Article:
How books teach children to take someone else’s point of view
Helping a child get in touch with their feelings and those of others can be a challenge for parents and teachers. When a child behaves unfriendly, parents or a teacher may ask: “How would you feel if you would do the same?” They ask similar questions in this form, and not, for example: “How do you think he felt in this situation? ”because they know that a child at this age cannot yet understand someone else’s point of view. It is easier for him to understand his feelings than the feelings of another person. Nevertheless, the ability to accept someone else’s point of view is an important skill necessary for the social development of the child.
The best way to help your child develop this skill is to often talk about the thoughts, feelings, and behaviors of the people that the child faces in everyday life, as well as the characters in the books you read together and the movies you watch with him. Reading books creates great opportunities for discussing the feelings of characters, because in children’s books, interactions between people and their feelings very often come to the fore. Life is not like a television show, so the topic of feelings is rarely addressed in everyday conversations with a child. Discussing books in this regard gives parents and children much more opportunities.
To comprehend the feelings of the characters of books, films or television shows is also useful because the child gets the opportunity to talk about emotions, while being calm. It is much easier for a child to talk about hypothetical cases of bullying at school or family conflicts than about real cases. Such hypothetical situations help parents to discuss complex problems with their children at home or on the playground.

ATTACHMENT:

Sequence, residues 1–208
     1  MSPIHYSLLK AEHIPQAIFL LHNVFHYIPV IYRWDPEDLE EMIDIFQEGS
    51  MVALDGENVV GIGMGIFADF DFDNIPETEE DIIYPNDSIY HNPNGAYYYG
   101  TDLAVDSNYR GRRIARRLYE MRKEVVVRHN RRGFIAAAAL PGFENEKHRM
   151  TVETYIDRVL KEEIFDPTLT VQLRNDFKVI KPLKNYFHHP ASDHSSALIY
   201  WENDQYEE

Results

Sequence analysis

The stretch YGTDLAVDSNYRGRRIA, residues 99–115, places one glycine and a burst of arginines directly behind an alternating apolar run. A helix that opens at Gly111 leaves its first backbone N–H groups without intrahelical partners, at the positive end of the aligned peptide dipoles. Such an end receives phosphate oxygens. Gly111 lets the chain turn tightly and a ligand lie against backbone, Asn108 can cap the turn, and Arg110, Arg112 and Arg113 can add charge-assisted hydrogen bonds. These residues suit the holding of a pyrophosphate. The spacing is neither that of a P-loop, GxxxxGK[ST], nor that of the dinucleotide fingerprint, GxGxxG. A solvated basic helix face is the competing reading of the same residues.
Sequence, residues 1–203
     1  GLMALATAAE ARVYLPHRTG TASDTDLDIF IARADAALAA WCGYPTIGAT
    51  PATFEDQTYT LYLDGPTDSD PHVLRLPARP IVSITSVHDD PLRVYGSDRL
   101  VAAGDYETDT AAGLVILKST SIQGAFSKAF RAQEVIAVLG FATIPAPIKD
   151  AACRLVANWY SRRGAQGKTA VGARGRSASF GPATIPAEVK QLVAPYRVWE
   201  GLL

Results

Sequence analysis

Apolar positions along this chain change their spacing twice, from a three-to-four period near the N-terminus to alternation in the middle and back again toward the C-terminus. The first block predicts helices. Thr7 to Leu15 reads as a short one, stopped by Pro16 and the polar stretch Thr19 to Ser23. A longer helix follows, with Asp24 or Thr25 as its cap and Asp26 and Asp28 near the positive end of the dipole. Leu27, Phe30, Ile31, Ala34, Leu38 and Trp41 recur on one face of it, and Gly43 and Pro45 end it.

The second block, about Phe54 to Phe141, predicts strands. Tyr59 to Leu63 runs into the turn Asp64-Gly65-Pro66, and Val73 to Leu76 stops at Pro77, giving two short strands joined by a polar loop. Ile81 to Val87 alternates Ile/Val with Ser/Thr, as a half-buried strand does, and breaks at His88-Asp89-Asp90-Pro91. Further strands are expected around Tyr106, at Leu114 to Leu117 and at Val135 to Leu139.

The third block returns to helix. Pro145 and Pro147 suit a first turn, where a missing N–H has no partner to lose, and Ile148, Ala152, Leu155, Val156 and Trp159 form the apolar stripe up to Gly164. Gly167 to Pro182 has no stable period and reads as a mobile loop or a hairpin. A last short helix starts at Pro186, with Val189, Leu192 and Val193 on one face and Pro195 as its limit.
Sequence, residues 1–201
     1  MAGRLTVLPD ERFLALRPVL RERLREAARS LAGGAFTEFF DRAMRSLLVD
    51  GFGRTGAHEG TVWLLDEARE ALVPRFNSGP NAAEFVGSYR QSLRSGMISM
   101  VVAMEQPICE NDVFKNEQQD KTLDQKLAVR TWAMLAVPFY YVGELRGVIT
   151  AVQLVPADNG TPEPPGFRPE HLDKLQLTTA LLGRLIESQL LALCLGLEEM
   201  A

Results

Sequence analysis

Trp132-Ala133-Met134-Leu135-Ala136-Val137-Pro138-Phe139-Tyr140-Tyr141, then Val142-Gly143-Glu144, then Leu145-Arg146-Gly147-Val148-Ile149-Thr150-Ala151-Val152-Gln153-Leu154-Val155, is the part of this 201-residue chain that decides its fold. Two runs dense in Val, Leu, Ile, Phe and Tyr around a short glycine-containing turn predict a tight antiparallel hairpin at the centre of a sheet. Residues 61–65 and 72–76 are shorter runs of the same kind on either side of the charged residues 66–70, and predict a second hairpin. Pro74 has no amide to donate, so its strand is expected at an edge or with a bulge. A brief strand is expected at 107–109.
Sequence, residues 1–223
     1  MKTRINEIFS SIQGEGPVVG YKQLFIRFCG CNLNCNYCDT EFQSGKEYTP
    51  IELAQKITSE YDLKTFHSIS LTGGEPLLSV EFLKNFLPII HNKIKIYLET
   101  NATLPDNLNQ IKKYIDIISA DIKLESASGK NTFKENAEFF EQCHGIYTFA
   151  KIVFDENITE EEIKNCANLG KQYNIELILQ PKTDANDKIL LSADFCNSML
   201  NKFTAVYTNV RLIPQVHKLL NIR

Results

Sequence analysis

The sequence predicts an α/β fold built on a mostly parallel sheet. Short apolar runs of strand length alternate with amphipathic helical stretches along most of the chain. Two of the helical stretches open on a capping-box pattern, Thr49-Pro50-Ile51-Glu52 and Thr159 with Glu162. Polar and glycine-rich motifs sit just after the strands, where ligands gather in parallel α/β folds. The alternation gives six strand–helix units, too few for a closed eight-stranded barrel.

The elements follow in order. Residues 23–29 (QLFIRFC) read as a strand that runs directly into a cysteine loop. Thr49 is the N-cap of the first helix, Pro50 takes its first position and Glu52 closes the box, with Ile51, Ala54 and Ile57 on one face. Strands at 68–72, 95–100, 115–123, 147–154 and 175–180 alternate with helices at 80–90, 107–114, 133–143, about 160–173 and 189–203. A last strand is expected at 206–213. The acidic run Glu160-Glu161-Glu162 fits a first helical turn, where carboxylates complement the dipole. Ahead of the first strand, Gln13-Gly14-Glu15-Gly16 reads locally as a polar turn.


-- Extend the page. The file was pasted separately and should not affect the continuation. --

For example, when a child starts to scream and demand breakfast on a weekend at six in the morning, tell him that now he looks like some kind of capricious cartoon character. This strategy will work much better than just telling him that he is talking rudely, or explaining how you feel from his words. By comparing his behavior with the behavior of the negative heroes of books or cartoons, you achieve the fact that he understands how those who are harmed by negative heroes feel. The child loves goodies and wants them to be happy. And therefore, with such a comparison, he understands the connection with himself and what role he is now in. After the child was able to see the situation from the outside, help him correct the situation and switch to another role.
Because the stories are based on dramatic stories, you can easily use books, films, or television shows to talk about emotions with your child. Start with simple questions about his thoughts and feelings, for example:
Which episode of the story amused you the most?
What episode of the story do you consider the most terrible (pleasant, sad)?
If you were in the place of the protagonist, how would you feel?
By listening to the child’s reactions to what they read and sharing your own feelings, you can start talking with your child about different emotions and situations that you have not talked about before. You can push the child to look at situations from different points of view, ask questions about why the characters acted in one way or another, and whether this helped them achieve their goals. Give your child a chance. Over time, this will not only help you start interesting conversations with your child about books that you read together, but will also become the basis for him to switch from the role of a negative character to the role of a good character in your family stories.
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